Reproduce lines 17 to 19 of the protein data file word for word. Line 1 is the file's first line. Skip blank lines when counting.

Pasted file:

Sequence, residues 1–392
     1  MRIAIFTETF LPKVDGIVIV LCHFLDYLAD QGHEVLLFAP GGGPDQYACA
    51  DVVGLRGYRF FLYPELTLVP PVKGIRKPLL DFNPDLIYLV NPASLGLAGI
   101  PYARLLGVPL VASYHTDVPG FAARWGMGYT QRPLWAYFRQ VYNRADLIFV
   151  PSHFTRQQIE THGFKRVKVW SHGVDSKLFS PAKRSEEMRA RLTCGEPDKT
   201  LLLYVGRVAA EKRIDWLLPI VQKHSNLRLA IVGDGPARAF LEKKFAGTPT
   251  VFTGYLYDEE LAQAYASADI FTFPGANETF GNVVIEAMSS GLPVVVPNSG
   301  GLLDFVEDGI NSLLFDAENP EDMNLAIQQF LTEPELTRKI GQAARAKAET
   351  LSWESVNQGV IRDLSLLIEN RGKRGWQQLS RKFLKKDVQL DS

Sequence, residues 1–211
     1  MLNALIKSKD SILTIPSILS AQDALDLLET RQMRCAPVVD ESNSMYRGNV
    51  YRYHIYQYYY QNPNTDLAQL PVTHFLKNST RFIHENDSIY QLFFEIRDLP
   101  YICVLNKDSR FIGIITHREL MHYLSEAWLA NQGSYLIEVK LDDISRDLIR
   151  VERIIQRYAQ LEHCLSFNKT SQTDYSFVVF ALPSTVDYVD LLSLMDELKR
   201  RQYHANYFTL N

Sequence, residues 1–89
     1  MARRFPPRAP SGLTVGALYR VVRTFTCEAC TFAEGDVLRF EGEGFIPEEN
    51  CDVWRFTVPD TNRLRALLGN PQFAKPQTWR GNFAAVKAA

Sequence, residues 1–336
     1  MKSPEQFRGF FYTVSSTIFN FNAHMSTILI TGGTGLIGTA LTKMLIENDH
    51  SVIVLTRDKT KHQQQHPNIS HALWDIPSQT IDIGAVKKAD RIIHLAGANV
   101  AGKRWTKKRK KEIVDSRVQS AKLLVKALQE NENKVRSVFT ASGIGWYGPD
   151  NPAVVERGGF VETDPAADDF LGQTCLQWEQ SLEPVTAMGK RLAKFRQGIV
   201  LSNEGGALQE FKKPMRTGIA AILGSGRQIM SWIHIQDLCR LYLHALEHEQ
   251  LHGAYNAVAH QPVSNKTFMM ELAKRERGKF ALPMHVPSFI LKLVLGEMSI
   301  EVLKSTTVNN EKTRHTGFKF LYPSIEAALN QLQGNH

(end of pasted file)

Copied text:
     1  MARRFPPRAP SGLTVGALYR VVRTFTCEAC TFAEGDVLRF EGEGFIPEEN
    51  CDVWRFTVPD TNRLRALLGN PQFAKPQTWR GNFAAVKAA

Sequence, residues 1–336